The Sooke Skating Club is preparing for its annual Figure Skating Show this Thursday. The picture above is from last year’s show.

Sook Skaters lace ’em up for annual ice show

With nearly two dozen performances composed of group numbers and soloists, this year takes on the world of mythical fantasy

The Sooke Skating Club is again sharpening its skates and skills for the upcoming year-end Figure Skating Show this Thursday (March 10) at SEAPARC Leisure Complex.

With nearly two dozen performances composed of group numbers and soloists aged four to 19, the show’s theme this year takes on the world of mythical fantasy, complete with spirits and vampires of all kinds.

“It’s going to be a lot of fun, and we’re all pretty excited,” said Lindsey Haldane, one of the club’s coaches, adding that costumes this year are more intricate, more colourful, and, in most part, handmade.

“We make sure that the costumes are bright and colourful and that the kids have fun. Our older kids will dress up as spirits and vampires, so that will be exciting to see.”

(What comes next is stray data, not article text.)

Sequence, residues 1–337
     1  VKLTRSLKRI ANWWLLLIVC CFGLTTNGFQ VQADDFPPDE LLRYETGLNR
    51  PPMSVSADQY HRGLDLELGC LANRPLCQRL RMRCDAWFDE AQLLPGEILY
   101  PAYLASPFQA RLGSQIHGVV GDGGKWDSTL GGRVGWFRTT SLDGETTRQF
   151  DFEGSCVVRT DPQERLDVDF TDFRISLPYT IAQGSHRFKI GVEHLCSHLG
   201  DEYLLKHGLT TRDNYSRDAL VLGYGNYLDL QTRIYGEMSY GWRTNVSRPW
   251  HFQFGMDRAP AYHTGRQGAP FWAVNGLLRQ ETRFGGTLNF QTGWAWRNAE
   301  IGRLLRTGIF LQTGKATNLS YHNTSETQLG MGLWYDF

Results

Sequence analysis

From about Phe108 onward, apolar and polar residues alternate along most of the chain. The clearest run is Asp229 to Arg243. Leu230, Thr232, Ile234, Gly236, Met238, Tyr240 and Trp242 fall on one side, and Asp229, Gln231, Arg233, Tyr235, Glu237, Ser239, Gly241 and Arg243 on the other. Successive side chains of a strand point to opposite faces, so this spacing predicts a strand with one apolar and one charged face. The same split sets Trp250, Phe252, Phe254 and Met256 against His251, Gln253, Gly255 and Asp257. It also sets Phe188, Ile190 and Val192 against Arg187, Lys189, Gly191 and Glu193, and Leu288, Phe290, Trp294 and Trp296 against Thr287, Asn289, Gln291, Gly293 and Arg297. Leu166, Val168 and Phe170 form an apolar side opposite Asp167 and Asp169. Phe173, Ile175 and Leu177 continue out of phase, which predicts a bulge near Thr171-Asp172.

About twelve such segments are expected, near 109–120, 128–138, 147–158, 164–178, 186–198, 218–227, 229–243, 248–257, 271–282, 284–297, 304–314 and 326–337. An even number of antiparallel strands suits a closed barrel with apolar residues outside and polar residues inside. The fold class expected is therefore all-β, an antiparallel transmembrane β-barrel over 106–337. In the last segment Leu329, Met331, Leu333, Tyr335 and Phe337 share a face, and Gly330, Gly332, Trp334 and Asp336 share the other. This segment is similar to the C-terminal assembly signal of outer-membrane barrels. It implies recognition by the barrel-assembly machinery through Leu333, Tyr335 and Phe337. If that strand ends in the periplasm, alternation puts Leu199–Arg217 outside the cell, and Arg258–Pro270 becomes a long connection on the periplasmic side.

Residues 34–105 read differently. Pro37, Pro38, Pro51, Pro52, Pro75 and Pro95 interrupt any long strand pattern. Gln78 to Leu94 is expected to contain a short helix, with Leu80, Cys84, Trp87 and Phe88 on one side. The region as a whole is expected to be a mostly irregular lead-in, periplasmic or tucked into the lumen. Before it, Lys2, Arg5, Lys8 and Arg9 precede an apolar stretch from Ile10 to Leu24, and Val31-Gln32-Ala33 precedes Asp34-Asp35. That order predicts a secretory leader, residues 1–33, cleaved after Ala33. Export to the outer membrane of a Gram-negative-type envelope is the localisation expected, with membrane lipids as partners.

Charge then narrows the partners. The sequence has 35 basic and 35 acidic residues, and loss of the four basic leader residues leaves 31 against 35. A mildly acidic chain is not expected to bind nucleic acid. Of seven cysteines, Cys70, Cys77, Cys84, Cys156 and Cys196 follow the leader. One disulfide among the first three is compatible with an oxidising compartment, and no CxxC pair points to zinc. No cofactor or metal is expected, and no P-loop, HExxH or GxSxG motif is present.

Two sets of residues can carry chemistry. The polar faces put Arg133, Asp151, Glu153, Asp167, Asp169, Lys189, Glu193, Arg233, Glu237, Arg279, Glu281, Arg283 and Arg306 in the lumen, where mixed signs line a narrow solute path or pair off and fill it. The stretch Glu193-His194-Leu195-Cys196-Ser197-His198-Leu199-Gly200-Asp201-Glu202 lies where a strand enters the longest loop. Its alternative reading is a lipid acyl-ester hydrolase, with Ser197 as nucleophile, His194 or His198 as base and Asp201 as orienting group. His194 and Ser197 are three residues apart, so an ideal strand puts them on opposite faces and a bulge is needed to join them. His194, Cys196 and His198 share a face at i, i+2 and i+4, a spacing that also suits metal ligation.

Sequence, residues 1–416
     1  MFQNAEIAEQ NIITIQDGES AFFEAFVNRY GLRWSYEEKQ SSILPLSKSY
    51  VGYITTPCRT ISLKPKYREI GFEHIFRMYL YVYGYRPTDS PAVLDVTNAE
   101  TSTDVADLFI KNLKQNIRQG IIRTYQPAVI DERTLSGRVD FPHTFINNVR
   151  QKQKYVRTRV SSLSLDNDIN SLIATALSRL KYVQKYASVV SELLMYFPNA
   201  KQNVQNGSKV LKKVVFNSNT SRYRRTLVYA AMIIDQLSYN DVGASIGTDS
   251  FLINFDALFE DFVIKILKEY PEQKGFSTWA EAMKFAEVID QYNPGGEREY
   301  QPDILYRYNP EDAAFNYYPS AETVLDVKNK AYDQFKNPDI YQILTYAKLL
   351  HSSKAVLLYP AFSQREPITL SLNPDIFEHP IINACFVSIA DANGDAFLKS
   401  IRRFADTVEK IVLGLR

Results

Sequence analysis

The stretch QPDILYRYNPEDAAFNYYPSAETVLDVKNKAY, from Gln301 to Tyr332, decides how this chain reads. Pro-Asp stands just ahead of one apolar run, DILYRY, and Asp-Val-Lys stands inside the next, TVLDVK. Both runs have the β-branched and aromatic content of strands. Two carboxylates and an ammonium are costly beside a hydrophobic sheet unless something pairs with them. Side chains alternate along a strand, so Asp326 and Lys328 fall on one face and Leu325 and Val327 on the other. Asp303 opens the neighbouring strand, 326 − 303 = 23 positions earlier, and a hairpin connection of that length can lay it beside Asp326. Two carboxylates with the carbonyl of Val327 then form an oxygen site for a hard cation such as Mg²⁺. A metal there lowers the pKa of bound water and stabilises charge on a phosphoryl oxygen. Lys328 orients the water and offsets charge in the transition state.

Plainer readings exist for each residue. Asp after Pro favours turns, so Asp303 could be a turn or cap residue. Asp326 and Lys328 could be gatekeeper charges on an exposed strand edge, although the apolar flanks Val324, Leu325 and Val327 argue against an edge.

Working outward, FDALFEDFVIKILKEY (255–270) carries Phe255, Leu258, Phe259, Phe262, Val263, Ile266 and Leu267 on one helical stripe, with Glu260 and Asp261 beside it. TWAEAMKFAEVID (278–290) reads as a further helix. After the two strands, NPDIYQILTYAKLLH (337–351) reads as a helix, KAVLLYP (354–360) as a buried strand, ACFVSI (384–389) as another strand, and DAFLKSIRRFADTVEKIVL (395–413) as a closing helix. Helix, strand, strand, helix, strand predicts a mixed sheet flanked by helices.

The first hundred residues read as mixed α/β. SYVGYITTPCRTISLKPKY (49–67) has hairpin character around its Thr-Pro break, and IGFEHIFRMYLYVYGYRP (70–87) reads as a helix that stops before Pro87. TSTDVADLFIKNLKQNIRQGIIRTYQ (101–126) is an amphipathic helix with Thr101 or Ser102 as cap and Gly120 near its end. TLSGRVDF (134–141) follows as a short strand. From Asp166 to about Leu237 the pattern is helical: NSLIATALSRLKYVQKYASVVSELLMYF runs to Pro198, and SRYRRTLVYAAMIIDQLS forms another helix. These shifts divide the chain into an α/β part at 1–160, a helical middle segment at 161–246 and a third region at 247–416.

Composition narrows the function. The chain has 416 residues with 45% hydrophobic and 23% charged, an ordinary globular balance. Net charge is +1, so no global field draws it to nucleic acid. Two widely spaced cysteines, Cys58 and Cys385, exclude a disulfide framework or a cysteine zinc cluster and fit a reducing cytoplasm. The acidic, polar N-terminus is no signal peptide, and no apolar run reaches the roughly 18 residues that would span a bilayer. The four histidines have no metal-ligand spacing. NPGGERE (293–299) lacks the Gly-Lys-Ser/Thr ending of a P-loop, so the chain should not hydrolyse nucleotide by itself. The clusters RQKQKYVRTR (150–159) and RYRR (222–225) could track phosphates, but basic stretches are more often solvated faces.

Like previous years, performances are split into two major groups, notably kids from the club’s Can Skate program and the older, more seasoned members from its figure skating program.

The skating club has held skating performances at the SEAPARC since the complex was built in 1976.

During Christmas season last year, the group performed at the Butchart Gardens in Central Saanich for its year-end performance. The club also had five Sooke-based competitors at the Vancouver Island Ice Skating Regionals.

Haldane said despite its potential in competition, the club remains family focused, not on high-end performance, allowing skills on both ends of the scale to flow through the club with ease.

It also takes effort out of everyone to bring it all together into a coherent, beautiful experience for the audience, said head coach Colleen Randale, who works with older and higher-level competitive skaters in the club.

“They’re mostly girls, so there’s a lot of hormones, nerves, so you gotta be part psychologist sometimes. Being a mom helps,” she said. Like Haldane, she’s been involved in the sport of figure skating for more than 20 years.

Randale said that despite all the hard work that goes into it, it’s still immensely satisfying to see kids go from barely standing on the ice to learning how to do double jumps.

The skating show begins at 6 p.m. Admission is $5 for adult, $2 for child (13 and under) and $10 for a family (two adults and up to four children).

 

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